Saturday, December 08, 2007

Dark Materials

There's a lot of concern in some parts of the Christian world about the film adaptation of the first part of the Dark Materials trilogy, Northern Lights, released as The Golden Compass. ( Apparently we can't use the book's term alethiometer ) The key concern being expressed is that the film is a piece of propaganda for Philip Pullman's strongly-held atheistic views, and as a result may work on the minds of the children and young people (let alone adults) who go to see it. Having read all three books, I know I'm poles apart from Pullman philosophically, but I do think that generating a climate of fear about this film is actually the wrong approach for a number of reasons.

First, calling for boycotts almost always makes things more popular, not less. Relax by Frankie Goes To Hollywood only hit no.1 once the BBC banned it.

Second, if Christians talk in fearful terms about this film, what does that say about their own security in their beliefs? I'm quite looking forward to seeing the film, especially spotting the compromises that Pullman had to make to accommodate a much more religious film-going public in the USA.

Third, Pullman's key target in both the book and the film is the magesterium, which could be construed as a parallel universe version of the catholic church. As such, his target would seem to be the image God he perceives mediated through his encounter with the Church. Those of us who are Christians might have some sympathy with him having problems with that - the crusades, inquisition, and many other evils of history have derived from a misguided understanding of God, which Christians and atheists alike would reject.

My question is whether he is rejecting God, or the image of God he has fixed in his head from whatever experiences he has had in the past within the Church. We could do well to try and understand that. What false God do we accidentally portray in the way we are in church, or as Christians in the world?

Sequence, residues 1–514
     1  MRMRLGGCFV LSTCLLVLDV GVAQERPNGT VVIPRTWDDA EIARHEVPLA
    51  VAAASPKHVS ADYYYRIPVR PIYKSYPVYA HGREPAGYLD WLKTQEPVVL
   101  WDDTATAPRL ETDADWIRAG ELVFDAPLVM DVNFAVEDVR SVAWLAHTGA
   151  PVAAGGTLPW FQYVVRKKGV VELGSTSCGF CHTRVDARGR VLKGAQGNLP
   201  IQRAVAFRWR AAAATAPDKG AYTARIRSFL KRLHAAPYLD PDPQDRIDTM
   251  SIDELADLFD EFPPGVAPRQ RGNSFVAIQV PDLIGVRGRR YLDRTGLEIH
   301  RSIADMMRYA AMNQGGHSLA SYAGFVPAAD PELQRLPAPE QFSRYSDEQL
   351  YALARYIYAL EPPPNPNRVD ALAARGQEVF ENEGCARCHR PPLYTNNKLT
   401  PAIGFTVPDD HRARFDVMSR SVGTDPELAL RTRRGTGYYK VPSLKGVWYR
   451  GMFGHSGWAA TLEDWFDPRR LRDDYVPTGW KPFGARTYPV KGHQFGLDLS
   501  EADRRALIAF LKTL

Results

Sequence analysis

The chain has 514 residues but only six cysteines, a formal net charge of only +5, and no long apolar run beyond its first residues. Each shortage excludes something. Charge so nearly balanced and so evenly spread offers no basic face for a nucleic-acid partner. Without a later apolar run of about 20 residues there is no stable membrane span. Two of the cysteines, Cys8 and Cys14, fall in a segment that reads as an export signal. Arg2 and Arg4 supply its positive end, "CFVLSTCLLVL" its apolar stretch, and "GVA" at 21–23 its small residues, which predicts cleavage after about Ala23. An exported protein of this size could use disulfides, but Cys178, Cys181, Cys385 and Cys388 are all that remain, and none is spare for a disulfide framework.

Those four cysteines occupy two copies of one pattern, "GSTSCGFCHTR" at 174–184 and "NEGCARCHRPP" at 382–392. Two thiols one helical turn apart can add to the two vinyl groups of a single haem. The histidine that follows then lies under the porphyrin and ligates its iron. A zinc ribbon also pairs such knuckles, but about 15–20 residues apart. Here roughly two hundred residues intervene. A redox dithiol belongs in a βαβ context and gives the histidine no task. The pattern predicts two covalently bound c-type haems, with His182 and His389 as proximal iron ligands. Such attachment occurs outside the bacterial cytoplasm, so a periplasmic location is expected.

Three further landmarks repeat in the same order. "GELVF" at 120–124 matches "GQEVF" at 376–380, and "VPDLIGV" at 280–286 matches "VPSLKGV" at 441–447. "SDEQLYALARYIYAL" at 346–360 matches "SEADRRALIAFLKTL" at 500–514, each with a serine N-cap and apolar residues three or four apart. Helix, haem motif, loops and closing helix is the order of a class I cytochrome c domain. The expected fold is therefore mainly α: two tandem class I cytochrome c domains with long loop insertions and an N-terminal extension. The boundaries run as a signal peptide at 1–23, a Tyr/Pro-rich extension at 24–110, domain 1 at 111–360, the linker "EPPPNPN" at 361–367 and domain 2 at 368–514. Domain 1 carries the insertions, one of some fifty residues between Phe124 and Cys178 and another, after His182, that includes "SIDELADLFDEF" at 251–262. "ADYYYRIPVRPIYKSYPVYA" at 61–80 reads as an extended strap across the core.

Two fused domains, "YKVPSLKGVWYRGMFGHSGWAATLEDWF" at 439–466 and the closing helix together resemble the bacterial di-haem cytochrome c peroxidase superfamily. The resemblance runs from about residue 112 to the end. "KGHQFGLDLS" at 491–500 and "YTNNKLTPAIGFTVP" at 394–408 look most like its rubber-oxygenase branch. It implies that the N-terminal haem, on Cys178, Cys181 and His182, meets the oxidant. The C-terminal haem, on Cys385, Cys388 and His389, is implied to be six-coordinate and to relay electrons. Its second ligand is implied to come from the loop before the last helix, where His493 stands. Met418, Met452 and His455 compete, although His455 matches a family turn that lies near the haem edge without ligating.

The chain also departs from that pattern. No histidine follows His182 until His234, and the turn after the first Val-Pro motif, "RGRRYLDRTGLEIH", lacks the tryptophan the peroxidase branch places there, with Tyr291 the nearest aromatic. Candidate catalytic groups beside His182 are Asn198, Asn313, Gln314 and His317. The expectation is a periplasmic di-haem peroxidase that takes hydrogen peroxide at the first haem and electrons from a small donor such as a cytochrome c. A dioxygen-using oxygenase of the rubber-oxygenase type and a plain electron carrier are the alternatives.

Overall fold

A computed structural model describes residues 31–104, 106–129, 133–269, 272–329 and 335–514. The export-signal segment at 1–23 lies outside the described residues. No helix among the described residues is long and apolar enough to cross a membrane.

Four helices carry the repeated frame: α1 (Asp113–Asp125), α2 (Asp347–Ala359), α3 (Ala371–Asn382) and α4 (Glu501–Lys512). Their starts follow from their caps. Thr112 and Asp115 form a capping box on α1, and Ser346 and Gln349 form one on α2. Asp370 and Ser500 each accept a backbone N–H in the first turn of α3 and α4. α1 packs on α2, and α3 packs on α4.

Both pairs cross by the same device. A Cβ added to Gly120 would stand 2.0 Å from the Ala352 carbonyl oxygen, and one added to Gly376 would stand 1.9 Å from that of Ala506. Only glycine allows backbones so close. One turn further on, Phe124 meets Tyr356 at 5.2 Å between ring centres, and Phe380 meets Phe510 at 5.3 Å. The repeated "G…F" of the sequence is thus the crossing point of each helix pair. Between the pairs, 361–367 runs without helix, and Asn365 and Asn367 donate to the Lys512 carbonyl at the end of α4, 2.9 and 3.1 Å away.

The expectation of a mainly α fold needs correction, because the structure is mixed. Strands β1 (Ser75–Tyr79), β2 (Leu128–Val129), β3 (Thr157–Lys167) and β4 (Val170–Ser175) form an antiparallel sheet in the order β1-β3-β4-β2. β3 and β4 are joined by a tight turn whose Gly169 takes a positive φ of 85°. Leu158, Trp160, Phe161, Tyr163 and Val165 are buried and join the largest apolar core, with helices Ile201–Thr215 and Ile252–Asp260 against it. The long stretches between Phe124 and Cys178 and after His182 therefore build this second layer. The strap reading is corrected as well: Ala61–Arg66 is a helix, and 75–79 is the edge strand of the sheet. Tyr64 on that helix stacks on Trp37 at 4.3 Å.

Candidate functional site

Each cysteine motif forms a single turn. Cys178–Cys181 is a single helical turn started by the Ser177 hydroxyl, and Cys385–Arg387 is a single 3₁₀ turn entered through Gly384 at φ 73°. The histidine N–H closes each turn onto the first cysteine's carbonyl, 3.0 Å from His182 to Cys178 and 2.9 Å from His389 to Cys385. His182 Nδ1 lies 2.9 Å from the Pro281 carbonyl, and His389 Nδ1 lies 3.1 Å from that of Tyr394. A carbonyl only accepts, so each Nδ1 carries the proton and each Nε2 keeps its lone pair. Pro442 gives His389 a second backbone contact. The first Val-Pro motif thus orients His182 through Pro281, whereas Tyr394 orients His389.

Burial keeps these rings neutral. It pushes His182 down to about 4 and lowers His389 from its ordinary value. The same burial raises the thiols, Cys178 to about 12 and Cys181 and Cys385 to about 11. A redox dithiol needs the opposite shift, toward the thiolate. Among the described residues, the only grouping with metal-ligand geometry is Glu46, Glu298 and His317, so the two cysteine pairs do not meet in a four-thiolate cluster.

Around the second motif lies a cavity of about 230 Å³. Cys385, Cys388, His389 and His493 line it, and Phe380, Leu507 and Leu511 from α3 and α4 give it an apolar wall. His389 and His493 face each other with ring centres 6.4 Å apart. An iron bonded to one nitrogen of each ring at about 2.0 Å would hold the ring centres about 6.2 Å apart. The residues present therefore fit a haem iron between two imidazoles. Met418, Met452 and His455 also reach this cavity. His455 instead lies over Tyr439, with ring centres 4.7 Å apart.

I suppose the final and most obvious point is that all films have an ideology - explicit or implicit - which we may or may not agree with. Atheists have made films before, and some of Disney's reported views were hardly very savoury. It's not Hollywood's job to put our views across; we need to teach our children to learn to watch critically (in the best sense of that word). If we simply insulate, then one day they will find themselves outside the bubble with no tools to deal with the array of views battering them.

We'll be taking the kids, and we'll talk about it afterwards. What is there to be scared of?


Steve McMahon said...

Spot on. The daft thing is that these books have been around for four or five years now and they were aimed at children anyway. Why was there no objection outside Waterstones or any other bookseller at the time?

I wonder if a lot of the furore has been intentionally generated by the film company itself in order to boost its ratings. In which case, it suggests that the film is not as good as it was supposed to be.

(I got halfway through Northern Lights before I got bored but Wendy and the boys enjoyed them all. I didn't detect any sudden atheistic tendancies in them.)

a dance in the sun said...

'What is there to be scared of?' The polar bears are armoured - that scares me!

More seriously I think most of what you said is spot on Mike. I question the idea that he is rejecting an 'image of god' rather than god because you can always say that - where's the line between an image of god and god itself? Aren't all our experiences, as humans, always going to be an 'image' and as such all we have to go on?

Mike Peatman said...

Absolutely, Steve

I read them before I came to Lancaster in 2002. They get more explicitly atheistic as you go on (especially when God dies). I still think that's the god of the magisterium, rather than God.

Matt, I once heard it said that rejecting the idea of God based on a false image might actually bring someone a step nearer to God. I have some sympathy with that, although I don't expect you to!

Ontology versus phenomenological. Can't resolve that just now; have some footie to watch